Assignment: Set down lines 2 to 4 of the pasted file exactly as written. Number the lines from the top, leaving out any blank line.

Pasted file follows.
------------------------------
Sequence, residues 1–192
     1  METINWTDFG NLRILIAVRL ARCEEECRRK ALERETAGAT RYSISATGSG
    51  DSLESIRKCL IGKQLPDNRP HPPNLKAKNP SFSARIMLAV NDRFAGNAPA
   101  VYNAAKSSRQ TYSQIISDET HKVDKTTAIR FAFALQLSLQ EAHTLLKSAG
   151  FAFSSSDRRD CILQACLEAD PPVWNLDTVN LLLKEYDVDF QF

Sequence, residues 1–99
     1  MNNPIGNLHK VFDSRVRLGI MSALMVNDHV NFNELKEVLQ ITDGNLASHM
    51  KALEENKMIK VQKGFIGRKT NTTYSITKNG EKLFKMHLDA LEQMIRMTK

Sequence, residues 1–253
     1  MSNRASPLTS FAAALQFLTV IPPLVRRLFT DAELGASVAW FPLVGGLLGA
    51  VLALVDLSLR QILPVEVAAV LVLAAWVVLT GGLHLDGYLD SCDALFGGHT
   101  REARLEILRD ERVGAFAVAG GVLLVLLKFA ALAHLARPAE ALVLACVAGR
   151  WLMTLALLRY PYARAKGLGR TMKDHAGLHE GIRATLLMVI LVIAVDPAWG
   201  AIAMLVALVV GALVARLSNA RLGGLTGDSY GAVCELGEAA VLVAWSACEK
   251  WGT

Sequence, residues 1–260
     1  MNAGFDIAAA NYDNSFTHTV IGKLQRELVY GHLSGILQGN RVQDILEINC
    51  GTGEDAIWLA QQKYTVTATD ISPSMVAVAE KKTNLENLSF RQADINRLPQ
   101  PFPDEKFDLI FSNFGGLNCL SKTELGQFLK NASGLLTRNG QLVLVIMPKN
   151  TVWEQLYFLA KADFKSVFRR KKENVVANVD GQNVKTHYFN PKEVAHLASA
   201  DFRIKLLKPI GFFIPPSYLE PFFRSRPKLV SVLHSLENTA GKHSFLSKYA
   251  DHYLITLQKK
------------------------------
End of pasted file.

     1  METINWTDFG NLRILIAVRL ARCEEECRRK ALERETAGAT RYSISATGSG
    51  DSLESIRKCL IGKQLPDNRP HPPNLKAKNP SFSARIMLAV NDRFAGNAPA
   101  VYNAAKSSRQ TYSQIISDET HKVDKTTAIR FAFALQLSLQ EAHTLLKSAG